EXCLUSIVE: Christopher “Play” Martin & Mix Master Mike Talk “Everything Is” Festival & Hip Hop’s Changes Over The Past 30 Years

If you were born in the 1970’s or 1980’s, prepare yourself. You’re about to experience a potent dose of nostalgia. If you’re a 90’s baby, get ready to mark a vital Hip Hop moment that took place before your time: House Party turns 25 this year.

That’s right the cult classic starring Christopher “Kid” Reid, Christopher “Play” Martin, Martin Lawrence, Tisha Campbell, A.J. Johnson, Full Force, and John Witherspoon hit movie theaters a quarter of a century ago. And yes, the impact of the 1990 comedy is still resonating in 2015.

From dance partners breaking out the “Kid n’ Play” footwork at the family reunion to “follow the drip” being the universally recognized response to seeing a man with a Jheri curl, director Reginald Hudlin’s tale of two high school students’ mission of throwing the ultimate blowout has left an undeniable mark on the culture.

Even the House Party sequel became an unforgettable time capsule of the fun days of the early 90’s. Besides featuring an all-star cast which included Reid, Martin, Lawrence, Campbell, Queen Latifah, Iman, and Whoopi Goldberg, the second installment of the House Party franchise centered around a pajama party for the ages.

Kid ‘n Play are now set to relive the House Party 2 theme at the first annual Everything Is Festival’s Pajama Jammy Jam. The creators of the gold-selling albums 2 Hype and Funhouse will also attend a screening of the original House Party. The movie will be followed by a performance from the duo along with legendary DJ Mix Master Mike behind the boards.

Before Pacific Northwest fans get to turn up to hits like “Rollin’ With Kid ‘n Play,” “Back to Basics,” and “Ain’t Gonna Hurt Nobody” on May 30, AllHipHop.com spoke with Play and Mike about their upcoming show, their thoughts on feel good Hip Hop, and of course House Party.

UNSPECIFIED - CIRCA 1970:  Photo of Kid n Play  Photo by Michael Ochs Archives/Getty Images

Flashback: Kid ‘N Play (via Everything Is Festival)

Kid ‘N Play is headlining the Everything Is Festival this year. How does it feel knowing you guys have been in the business for thirty years and people are still excited to see you perform?

Play: It feels good. It’s not like it was planned that way. Our inspiration when this thing began was using this as a vehicle to be able to get into as many women’s pants as I could. I didn’t have any master plan as to what things would look like up the road. I just wanted to do a single.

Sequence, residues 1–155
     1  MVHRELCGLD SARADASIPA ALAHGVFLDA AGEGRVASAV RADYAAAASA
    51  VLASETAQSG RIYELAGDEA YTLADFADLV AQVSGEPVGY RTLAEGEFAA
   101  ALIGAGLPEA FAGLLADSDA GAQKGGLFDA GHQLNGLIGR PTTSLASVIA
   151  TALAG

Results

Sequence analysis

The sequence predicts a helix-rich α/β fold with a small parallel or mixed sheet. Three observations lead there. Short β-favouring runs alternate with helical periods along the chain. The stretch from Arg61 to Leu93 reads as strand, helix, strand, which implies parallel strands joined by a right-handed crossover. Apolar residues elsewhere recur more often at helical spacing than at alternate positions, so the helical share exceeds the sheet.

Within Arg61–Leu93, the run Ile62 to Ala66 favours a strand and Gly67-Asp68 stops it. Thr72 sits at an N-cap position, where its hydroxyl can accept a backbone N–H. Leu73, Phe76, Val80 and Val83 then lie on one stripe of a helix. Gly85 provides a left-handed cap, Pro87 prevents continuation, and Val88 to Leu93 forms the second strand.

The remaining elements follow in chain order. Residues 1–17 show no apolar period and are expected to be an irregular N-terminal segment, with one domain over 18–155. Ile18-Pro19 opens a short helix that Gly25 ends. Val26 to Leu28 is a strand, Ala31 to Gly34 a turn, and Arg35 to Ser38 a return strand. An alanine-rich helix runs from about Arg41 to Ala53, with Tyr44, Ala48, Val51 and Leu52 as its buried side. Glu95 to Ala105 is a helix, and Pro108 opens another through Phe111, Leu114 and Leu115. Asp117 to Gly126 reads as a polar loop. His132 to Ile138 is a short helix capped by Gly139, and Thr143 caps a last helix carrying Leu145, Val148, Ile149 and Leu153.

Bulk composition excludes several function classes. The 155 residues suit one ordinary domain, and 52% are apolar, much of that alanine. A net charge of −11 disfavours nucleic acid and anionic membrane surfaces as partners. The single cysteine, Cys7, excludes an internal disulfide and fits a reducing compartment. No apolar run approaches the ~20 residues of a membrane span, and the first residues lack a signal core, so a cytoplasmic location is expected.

That ended up turning into a three decade career. That’s pretty amazing.

Play: What we mean for bad, God turns into good. We just kept it going. We didn’t know that it would be as well received and as large as it has been. It was just a whole crew of us – we had DJs and Hurby [“Luv Bug” Azor] – that really just wanted to have fun. That’s usually the definition of success – loving what you do and getting paid for it.

Your upcoming set is part of the Everything Is Festival’s Pajama Jammy Jam. That was the theme of House Party 2. Do you have a particular memorable moment from filming that movie?

Play: I always was in awe of what mankind is able to pull off. When you’re on a project like that, it starts off in your dressing room and clothes are made available to you. What is always amazing is when your escort comes to get you from your dressing room, you had read the script of what the scene is supposed to look like. Then when you enter into the location, you’re in awe of what has been created.

When you talk about the pajama party situation, what was amazing is that was supposed to be in the hall of a college. So just to see a big crowd of people enthusiastic to see you – and we’re happy to see them – and to see this thing that actually looks like a big hall at a college, but it’s not.

The same thing with soundstages. When you go and  see what they’re able to create. That’s what always sticks out to me. Being able to see what has been built and it looks so real.

Mike, you have had an amazing career as well. You’re still performing and doing these shows. What does it mean for you that you’ve been in the game for so long and you’re still drawing in crowds?